Botulinum toxin type A is the active component in BOTOX® and BOTOX® Cosmetic. BOTOX® was FDA approved in 1989 for medical therapeutic use. The FDA approved BOTOX® Cosmetic in 2002 for the treatment of wrinkles known as the glabellar lines. Since being FDA approved, BOTOX® has been used for more and more medical conditions. In spite of the tens of thousands reports of adverse events after botulinum toxin injections, BOTOX® use is growing. Below is a report of some the lawsuits that have been filed regarding Botox:
In 2002, there was a case brought against Allergan from a woman who claimed that after a BOTOX® treatment for a then off-label use for migraines she developed unbearable migraine, fatigue, neck weakness and difficulties breathing and swallowing for four months. She lost her case against Allergan, but the company admitted that the product insert stated that BOTOX® had unknown risks as an anti-wrinkle treatment in doses higher than 20 units and acknowledged that the drug could spread to other areas of the body.
Allergan’s clinical studies had shown a potential link to headaches, pain, flu-like symptoms and respiratory problems. In 2005 a case of a death after a treatment with a BOTOX® -lidocaine mixture was reported for a woman being injected for chronic neck and back pain. It was felt at the time that she had an anaphylactic reaction to the lidocaine.
In 2006 there was a report of 4 adults who developed botulism after cosmetic injections. However, the botulinum preparation used reportedly was an unlicensed, highly concentrated mixture, and the patients received doses much higher than what is typically given.
In 2008, 15 BOTOX® users and their relatives sued Allergan claiming that the company failed to warn of the drug’s dangers. There were four deaths which included two children and two adults involving off-label use of the drug. The children received very high doses for limb spasticity related to cerebral palsy. One adult died from complications from injections for neck and shoulder pain, and one died from treatment for excessive salivation. Of the remaining eleven plaintiffs, the complaints were for droopy eyelids, numbness, headaches and swallowing and breathing difficulties. Three in this group had been treated for cosmetic reasons.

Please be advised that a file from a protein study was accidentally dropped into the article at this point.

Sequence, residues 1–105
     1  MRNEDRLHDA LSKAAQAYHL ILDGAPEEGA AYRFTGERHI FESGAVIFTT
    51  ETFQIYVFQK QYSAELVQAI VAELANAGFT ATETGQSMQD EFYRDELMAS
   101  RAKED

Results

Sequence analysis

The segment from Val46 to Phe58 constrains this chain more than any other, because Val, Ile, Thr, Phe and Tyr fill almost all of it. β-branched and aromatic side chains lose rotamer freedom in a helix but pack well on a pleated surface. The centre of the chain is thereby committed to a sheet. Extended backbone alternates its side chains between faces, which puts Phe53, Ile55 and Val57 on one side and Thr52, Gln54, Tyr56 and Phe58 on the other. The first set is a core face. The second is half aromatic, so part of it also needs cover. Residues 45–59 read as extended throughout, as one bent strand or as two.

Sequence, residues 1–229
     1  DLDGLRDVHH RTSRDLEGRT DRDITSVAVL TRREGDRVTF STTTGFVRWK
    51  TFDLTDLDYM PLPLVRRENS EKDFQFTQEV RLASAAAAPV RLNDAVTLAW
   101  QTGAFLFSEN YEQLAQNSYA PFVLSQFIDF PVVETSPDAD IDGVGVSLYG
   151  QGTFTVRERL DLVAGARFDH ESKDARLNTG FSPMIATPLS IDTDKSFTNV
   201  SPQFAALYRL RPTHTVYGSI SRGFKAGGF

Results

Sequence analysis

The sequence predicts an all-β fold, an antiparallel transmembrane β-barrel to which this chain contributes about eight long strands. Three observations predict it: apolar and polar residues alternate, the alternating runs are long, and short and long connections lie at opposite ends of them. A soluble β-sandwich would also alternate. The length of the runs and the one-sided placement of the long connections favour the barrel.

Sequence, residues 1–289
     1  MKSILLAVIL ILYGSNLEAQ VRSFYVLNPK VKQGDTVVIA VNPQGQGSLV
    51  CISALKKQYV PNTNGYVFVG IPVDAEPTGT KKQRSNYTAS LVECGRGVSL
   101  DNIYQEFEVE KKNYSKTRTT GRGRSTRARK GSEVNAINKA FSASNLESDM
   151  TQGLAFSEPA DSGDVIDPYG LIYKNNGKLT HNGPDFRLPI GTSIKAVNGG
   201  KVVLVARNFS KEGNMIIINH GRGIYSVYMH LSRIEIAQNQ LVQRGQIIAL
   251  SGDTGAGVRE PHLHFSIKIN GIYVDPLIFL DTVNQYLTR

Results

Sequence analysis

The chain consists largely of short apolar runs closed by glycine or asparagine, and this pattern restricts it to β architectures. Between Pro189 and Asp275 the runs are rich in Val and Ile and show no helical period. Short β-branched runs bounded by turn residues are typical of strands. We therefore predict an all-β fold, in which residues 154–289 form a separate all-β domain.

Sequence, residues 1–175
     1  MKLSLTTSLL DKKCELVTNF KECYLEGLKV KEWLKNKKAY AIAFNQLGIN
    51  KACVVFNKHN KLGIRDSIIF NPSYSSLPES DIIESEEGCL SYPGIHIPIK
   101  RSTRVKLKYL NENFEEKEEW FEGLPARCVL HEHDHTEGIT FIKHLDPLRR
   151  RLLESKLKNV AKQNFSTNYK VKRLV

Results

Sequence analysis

Later in 2008, a Consumer group called Public Citizen reported linking 16 deaths to use of botulinum toxin between 1997 and 2006. They also reported finding 180 adverse effects reported. This lead the FDA to do a Safety Review of BOTOX®, BOTOX® Cosmetic ( both botulinum toxin type A) and Myobloc® (botulinum toxin type B). The conclusion of the FDA Safety Review was reported in April 2009. It stated that the manufactures of botulinum toxin products must add a boxed warning about the risk of adverse events that may occur when the effects of the toxin spread beyond the injection site.
The FDA had received reports of systemic adverse reactions suggestive of botulism that would occur if the toxin spread beyond the injection site, including respiratory compromise and death, after use of these products for both approved and unapproved uses. The deaths in children occurred when treating limb spasticity associated with cerebral palsy. The adult cases had been also treated for spasticity and cervical dystonia. However, the adult cases of death could not be attributed to botulinum toxin, claiming “pre-existing conditions”. There had been reports of symptoms after cosmetic use, but the FDA claimed there were no definitive serious adverse event had been found with on-label use of BOTOX® Cosmetic.
In February 2010, a lawsuit was filed by a woman in Virginia who claimed that after being treated for head tremors with BOTOX® in 2008 she suffered brain injuries, movement disorders and dementia. She stated that she developed autoimmune encephalitis movement disorder. She alleged that Allergan failed to warn consumers that a side effect of BOTOX® can cause serious autoimmune responses, brain injury and botulism. The FDA “black box” warning about potential spread beyond the site of injection had been added in 2009. Her case settled out of court in October 2011.
In March 2010, Allergan was found not liable in the death of a 7 year old who died after being treated with BOTOX® for limb spasms caused by severe cerebral palsy.